Why did Andy Warhol paint a soup can?

Did you know that the painting of a can of soup is considered to be one of the world's greatest masterpieces?

Artist Andy Warhol drew Campbell's Soup Cans between November 1961 and March or April 1962. The works were exhibited on July 9, 1962 in the Ferus Gallery of Los Angeles, California. When they were first displayed, the 32 canvases, each consisting of a painting of a different flavour of Campbell's Soup, met with a lot of ridicule for their ordinary subject matter. In fact, a neighbouring gallery even put actual soup cans on its window and advertised them as cheaper than Warhol's works (the cans cost only 29 cents). What did these rows upon rows of identical soup cans actually mean?

Well, though the paintings portrayed everyday, seemingly ordinary objects, they carried a deeper meaning. First, they were a commentary on how mass production and consumerism had come to dominate American life and culture.

Silkscreen painting

Second, just like the mass production of the soup cans. Warhol mass produced the paintings, using the silkscreen printing process that allowed him to create multiple versions of a single work.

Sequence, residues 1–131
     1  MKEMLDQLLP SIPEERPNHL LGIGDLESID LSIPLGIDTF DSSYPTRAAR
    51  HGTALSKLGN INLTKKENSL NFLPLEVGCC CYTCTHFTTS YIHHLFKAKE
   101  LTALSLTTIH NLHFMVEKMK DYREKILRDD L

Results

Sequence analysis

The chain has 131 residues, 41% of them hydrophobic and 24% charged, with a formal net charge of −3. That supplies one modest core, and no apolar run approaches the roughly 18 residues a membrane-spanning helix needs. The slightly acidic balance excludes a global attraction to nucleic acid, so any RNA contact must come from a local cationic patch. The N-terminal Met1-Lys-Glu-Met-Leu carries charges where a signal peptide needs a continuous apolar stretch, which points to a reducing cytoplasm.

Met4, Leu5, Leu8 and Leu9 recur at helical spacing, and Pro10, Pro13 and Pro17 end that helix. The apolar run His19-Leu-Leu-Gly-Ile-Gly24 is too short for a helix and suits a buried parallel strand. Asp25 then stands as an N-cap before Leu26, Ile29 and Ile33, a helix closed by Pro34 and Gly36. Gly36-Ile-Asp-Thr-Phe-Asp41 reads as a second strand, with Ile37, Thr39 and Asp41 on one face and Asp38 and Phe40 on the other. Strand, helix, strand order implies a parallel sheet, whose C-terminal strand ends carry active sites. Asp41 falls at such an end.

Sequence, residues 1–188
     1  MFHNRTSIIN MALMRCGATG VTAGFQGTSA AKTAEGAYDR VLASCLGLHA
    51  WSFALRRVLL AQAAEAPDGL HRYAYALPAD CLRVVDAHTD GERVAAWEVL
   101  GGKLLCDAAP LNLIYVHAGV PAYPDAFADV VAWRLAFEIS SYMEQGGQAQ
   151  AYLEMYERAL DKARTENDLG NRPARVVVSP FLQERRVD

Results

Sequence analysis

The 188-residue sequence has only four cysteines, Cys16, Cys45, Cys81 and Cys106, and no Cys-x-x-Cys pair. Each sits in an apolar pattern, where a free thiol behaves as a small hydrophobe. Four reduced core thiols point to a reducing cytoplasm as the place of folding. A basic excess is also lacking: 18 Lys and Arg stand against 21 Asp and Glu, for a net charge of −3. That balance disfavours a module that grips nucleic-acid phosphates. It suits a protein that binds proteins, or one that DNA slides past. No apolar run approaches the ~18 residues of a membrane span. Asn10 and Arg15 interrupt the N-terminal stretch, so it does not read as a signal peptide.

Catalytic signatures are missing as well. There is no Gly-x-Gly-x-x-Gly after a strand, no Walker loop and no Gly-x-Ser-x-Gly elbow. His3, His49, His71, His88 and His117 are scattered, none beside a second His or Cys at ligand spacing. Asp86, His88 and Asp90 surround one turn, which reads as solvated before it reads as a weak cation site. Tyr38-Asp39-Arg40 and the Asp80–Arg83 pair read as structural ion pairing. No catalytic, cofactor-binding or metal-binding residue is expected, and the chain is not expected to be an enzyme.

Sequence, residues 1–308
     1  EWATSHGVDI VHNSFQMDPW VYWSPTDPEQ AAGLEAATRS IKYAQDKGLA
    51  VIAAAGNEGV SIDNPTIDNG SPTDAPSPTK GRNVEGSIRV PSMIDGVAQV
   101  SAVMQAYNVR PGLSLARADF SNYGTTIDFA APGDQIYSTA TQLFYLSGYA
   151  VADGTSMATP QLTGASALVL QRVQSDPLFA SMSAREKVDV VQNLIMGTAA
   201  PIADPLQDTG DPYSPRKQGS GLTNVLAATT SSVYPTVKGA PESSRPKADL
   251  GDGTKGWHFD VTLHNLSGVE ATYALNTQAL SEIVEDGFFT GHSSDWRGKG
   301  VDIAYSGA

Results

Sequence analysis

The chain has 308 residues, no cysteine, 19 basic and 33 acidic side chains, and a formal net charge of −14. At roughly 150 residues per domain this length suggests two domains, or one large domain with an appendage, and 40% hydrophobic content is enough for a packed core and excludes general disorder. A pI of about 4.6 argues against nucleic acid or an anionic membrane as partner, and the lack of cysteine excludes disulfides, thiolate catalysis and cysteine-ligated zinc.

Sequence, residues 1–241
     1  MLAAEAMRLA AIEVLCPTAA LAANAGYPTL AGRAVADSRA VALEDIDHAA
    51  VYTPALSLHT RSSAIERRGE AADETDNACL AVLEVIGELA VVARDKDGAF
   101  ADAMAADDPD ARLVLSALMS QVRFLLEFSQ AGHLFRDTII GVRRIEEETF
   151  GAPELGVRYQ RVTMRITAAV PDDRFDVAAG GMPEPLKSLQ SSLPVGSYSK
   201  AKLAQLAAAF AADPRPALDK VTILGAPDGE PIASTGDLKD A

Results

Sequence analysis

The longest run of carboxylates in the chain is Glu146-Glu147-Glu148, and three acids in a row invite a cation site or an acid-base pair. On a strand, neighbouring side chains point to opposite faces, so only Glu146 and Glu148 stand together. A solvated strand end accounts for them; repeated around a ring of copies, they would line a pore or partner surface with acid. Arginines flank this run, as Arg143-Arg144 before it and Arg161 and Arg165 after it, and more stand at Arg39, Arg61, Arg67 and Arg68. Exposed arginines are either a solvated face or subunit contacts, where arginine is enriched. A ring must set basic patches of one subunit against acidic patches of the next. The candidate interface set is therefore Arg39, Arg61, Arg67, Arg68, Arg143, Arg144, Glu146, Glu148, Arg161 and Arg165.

He traced the images of a soup can onto his blank canvas, and then carefully filled each can using old fashioned brushes and paint. But each painting had a slight imperfection-a smudge, misprint or a slightly skewed label.

This also served as a contradiction to the Pop art culture. Pop artists usually tried to erase all traces of individuality from their work so that it looks almost identical. Although Warhol's soup cans were supposed to look like they'd been made mechanically, every painting had a slight difference. The paintings caused a sensation throughout the art world.

DID YOU KNOW?

  • When the public finally warmed up to Warhol's soup cans the art began to appear everywhere Warhol himself designed paper dresses in soup can print for New York socialites. Later, the Campbell company too joined in the fun. They came out with the Souper Dress covered in Warhol-esque soup labels.
  • In May 1969, Warhol appeared on the cover of the Esquire magazine drowning in a can of Campbell's Tomato Soup.
  • In 1996, The Museum of Modern Art in New York bought the 32 paintings from Irving Blum (who had purchased them from Warhol only for $1.000) for more than $15 million. Even the Souper Dress has been declared a classic.

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What the art of Paper Folding is called?


Paper Folding



Have you ever made a paper aeroplane? If you have, you have enjoyed the most recent and popular addition to the old craft of paper folding. This craft is called origami.